To celebrate the 150th birthday of Kern County — officially established April 21, 1866 — The Californian is digging into its archives and other research and serializing pieces recounting local history.

Today we turn to the early explorers who came through the San Joaquin Valley. This piece comes from the Kern County Centennial Almanac, published by the Kern County Centennial Observance Committee in 1966 when Kern turned 100 years old.

“Buena Vista,” or “good view,” as this valley was first described by explorers from their vantage point at the mouth of the Grapevine, also became a good place to settle. Commander Don Pedro Fages, acting governor of Upper California, entered the southern San Joaquin Valley in 1772 in pursuit of two army deserters. His first glimpse of the valley, his famous and lasting first utterance, began the years of exploring and finding what Buena Vista and Kern County had to offer.


On May 1, 1776, the Spanish Franciscan Padre Francisco Garces came into what was to become  Kern County in search for a shorter mission route from Sonora, Mexico, to Monterey.

The Padre joined his four Mohave Indian guides on foot, and led a mule with his provisions over the Tehachapis through Tejon Canyon and down to Cottonwood Creek. He stopped a few miles east of present-day Bakersfield on May 7, when he saw “a great river which made noise and whose waters” were “crystalline, bountiful and palatable.” He christened the stream Rio de San Felipe, which today is known as the Kern River.

His diary recalls the rest of the Garces tour through Kern. He left the Yokuts Indian village, went north-ward to another village east of where Delano stands today, where he conducted the first Christian baptism in the San Joaquin Valley. Upon his return trip to his home mission, Garces crossed the Kern River below the bluffs north of Bakersfield and reached the Mojave Desert via the Tehachapi Valley.

Fugitive Indians was the reason for the next recorded entry into the valley. Lt. Francisco Ruiz commanded the expedition in 1806, accompanied by another Padre — Jose Maria Zalvidea, who was looking for possible mission sites.

Although no missions were ever established here, the area was thoroughly traveled by the religious in search for the right spot to establish another headquarters. This 1806 expedition took a new route into Kern, entering through Cuyama Valley, crossing the Carrizo Plain to Rancheria Buena Vista and finally arriving at the present site of Bakersfield.

Padre Zalvidea renamed the Rio de San Felipe “La Porciuncula,” for a Franciscan jubilee, and the group left the valley over Tehachapi Pass.

The San Joaquin River was named in 1813. Gabriel Moraga, accompanied by Padre Nunez, crossed the country from north to south, and named the river “Joachim” in honor of the father of the Virgin Mary.

Within 40 years, the whole Central Valley was generally accepted by the name San Joaquin.

The county continued to be a haven for escaped fugitives and led to more exploration. The Grandos expedition entered the valley in 1815 in search of fugitive Indians from the missions. The missionaries’ quest also continued to be a reason for more exploration. In this pursuit, Padre Luis Martinez set out from San Luis Obispo Mission, with a body of soldiers, in 1816. The group visited the Buena Vista Lake area and returned home.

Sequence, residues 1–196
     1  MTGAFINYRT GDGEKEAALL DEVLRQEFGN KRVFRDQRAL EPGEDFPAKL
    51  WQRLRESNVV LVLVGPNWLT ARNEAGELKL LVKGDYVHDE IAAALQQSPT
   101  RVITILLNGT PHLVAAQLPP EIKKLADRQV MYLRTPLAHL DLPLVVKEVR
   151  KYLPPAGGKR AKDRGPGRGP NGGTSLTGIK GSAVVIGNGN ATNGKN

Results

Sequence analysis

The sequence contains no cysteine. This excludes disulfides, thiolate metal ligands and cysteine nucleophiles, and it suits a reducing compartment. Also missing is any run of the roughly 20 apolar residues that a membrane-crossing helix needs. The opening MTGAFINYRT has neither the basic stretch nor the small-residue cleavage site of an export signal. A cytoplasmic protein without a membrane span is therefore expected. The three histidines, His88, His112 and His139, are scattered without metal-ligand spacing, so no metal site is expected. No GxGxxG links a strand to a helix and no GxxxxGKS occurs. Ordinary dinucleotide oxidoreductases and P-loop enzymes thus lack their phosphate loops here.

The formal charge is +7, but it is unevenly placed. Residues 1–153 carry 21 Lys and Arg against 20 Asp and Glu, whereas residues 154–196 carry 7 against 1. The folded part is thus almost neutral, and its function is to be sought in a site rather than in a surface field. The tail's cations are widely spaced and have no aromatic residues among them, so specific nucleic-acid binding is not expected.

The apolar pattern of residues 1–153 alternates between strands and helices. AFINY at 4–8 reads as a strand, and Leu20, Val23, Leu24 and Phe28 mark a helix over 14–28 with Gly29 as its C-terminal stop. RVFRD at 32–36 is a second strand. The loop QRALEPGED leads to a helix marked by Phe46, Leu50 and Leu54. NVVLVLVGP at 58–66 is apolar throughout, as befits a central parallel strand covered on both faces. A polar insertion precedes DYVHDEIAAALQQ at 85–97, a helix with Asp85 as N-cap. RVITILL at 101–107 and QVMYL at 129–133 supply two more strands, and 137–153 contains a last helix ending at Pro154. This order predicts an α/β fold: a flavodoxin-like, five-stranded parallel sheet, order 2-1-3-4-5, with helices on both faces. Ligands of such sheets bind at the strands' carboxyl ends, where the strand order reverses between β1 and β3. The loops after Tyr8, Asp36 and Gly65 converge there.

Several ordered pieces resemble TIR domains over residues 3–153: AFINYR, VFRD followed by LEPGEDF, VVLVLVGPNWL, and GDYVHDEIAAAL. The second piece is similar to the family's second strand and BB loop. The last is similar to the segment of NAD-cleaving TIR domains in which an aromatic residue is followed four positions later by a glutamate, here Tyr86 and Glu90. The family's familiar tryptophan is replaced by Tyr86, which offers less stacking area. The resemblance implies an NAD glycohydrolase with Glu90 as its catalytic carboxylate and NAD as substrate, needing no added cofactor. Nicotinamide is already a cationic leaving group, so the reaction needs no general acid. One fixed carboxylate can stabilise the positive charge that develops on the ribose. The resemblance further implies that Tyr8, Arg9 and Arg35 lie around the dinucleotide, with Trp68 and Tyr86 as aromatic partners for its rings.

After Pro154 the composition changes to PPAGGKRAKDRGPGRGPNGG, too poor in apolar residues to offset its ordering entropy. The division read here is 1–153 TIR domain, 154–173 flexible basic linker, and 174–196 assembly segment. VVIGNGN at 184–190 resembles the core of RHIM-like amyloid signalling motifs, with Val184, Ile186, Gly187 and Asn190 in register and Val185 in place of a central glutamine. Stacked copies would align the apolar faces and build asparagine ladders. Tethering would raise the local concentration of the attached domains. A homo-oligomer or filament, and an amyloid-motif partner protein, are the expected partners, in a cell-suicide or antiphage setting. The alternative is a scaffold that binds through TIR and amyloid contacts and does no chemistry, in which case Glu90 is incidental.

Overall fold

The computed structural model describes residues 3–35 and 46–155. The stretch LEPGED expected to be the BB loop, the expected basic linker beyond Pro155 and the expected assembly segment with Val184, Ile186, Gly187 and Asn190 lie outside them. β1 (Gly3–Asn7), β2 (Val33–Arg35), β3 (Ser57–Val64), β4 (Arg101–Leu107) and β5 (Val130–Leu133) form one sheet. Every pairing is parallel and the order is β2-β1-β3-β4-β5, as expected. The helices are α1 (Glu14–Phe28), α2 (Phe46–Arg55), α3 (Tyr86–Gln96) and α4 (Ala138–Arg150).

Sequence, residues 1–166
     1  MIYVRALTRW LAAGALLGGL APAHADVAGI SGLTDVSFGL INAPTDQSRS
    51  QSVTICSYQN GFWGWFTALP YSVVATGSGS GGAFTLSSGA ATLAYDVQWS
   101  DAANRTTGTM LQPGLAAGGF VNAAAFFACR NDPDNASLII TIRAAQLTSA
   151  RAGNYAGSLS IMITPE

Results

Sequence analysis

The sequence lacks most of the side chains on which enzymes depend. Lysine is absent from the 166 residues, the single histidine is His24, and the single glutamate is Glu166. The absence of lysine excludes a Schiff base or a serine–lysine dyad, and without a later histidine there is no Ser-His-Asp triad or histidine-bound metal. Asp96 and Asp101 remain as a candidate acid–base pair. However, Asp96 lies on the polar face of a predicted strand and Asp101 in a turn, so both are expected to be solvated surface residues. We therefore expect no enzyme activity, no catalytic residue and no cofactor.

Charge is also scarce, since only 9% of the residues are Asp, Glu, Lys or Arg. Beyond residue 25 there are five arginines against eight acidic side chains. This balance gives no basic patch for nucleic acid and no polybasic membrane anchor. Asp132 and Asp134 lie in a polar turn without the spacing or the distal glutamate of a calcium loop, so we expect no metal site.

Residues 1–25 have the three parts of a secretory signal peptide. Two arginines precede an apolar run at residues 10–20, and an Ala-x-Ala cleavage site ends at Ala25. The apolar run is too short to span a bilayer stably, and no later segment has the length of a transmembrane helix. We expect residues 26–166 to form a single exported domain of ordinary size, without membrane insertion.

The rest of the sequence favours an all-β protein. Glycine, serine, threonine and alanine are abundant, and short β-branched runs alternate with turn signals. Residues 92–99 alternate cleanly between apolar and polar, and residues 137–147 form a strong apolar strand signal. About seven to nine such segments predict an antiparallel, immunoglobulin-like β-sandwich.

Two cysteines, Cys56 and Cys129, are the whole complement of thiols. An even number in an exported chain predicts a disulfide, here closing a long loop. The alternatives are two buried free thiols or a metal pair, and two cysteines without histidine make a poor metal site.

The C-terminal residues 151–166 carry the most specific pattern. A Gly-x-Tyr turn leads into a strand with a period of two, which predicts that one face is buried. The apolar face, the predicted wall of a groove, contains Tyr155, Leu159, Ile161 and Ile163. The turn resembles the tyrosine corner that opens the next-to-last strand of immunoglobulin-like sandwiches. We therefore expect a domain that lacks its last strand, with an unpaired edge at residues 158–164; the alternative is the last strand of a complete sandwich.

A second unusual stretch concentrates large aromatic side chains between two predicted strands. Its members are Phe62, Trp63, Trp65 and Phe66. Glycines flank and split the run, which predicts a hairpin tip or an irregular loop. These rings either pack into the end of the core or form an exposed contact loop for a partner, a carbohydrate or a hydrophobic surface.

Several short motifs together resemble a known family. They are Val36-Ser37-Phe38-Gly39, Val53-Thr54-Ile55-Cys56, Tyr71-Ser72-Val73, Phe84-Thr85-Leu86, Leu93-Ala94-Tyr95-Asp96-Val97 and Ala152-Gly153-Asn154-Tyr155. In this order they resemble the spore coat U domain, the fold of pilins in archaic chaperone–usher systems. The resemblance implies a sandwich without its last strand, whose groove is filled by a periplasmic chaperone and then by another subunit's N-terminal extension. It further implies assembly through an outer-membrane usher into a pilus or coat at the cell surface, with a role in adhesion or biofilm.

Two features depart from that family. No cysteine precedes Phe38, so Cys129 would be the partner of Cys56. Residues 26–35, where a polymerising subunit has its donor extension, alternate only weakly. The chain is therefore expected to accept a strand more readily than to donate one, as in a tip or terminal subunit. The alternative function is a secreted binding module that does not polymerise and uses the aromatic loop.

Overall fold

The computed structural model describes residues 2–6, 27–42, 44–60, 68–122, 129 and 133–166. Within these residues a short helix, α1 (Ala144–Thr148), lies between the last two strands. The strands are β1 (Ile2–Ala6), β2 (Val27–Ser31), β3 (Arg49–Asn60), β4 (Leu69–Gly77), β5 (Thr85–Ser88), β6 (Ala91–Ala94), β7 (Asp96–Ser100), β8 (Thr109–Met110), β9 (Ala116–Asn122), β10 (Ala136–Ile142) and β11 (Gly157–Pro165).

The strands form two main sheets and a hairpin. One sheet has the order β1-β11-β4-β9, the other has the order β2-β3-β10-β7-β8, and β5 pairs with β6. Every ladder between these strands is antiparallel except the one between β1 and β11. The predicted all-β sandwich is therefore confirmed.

A historical marker a few miles east of Edison honors Jedediah Strong Smith, the first American to pass through the county.

“Mountain Man” Smith crossed Tehachapi Pass to the marked spot in 1827 and then turned north to the Kern River. Smith’s exploration efforts heralded the arrival of hardy fur trappers along the Kern River within a few years.

Trapping along the Kern was first noted during the winter of 1832-1833, when Ewing Young and his party gathered pelts there. The group had earlier entered the county by following Smith’s route over the Tehachapi Pass, guided by the famous Kit Carson.

Before finding the Kern River hunting grounds, they had trapped along the streams of the Sierra and the San Joaquin Valley. The Young party left the area by way of Tejon Pass, taking with it its pelts and much information about the geography and abundances of Kern County.

One of Kern’s most famous pathfinders was Joseph Reddeford Walker, who came out of the upper San Joaquin Valley in 1834. The pass he discovered was named for him as was the Walker Basin and the Joe Walker Mine.

Walker led an emigrant party to safety through his pass in 1843. The Chiles, who rode the first covered wagon into California from the east, were suffering great hardship until their meeting with Walker. The wagon could not meet the rigorous desert travel, however, so it was abandoned. The Chiles, packing what they could on horses and oxen, followed Walker over the pass on foot.

An interesting meeting with a bear is recorded at the site of present day Lebec. Little is known about the explorations of Peter Lebeck, except that he came to the area in 1836 and was killed by a bear in Cañada de Los Uvas, presently called Grapevine.

“Peter Lebeck killed by a X bear Oct. 17, 1837” is inscribed on an oak.

Carson again acted as a guide to an important expedition to Kern County when he and Alexis Godey accompanied John C. Fremont as he traversed the area on two of his five western expeditions.

In 1843, Fremont came down the valley en route to Santa Fe, crossing both the Tehachapi and Oak Creek passes. As the famous explorer searched for a mythical river that watered the desert, he crossed the Mojave Desert in an easterly direction. En route, he made note of the Joshua tree, labeling it “the most repulsive tree in the vegetable kingdom.”